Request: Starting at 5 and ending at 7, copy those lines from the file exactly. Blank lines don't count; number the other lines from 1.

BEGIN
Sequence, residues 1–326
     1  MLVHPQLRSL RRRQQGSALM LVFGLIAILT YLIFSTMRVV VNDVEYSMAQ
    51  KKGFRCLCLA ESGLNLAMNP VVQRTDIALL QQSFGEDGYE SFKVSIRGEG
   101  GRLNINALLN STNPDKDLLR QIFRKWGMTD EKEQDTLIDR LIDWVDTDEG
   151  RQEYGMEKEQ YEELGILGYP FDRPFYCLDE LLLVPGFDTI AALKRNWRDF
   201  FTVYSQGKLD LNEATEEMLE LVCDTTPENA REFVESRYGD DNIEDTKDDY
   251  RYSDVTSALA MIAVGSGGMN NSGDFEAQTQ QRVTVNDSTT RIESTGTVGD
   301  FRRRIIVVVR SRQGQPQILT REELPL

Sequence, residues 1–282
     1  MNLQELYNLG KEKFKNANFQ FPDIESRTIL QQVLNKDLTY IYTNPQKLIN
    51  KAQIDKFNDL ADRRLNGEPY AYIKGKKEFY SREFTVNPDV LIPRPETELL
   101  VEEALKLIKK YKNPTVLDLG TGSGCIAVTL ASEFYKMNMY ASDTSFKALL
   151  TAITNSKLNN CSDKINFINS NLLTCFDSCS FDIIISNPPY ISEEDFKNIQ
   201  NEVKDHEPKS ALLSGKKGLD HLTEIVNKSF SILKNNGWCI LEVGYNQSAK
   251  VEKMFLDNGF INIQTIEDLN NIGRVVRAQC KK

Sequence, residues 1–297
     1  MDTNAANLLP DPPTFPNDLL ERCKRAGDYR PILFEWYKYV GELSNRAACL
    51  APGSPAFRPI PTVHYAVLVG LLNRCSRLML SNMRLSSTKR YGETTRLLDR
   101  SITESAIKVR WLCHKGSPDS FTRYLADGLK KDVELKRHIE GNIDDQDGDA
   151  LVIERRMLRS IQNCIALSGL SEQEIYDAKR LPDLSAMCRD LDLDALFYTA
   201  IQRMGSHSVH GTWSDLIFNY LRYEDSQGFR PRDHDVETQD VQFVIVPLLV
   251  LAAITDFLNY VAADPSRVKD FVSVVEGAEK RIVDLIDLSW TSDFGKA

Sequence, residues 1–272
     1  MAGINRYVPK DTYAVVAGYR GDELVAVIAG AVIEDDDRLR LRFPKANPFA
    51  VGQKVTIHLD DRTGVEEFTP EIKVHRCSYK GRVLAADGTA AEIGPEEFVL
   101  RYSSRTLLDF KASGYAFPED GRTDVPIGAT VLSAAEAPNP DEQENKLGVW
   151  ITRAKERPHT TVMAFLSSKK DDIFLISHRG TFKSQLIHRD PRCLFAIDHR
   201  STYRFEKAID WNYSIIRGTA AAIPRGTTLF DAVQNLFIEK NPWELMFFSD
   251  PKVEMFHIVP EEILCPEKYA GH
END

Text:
   151  RQEYGMEKEQ YEELGILGYP FDRPFYCLDE LLLVPGFDTI AALKRNWRDF
   201  FTVYSQGKLD LNEATEEMLE LVCDTTPENA REFVESRYGD DNIEDTKDDY
   251  RYSDVTSALA MIAVGSGGMN NSGDFEAQTQ QRVTVNDSTT RIESTGTVGD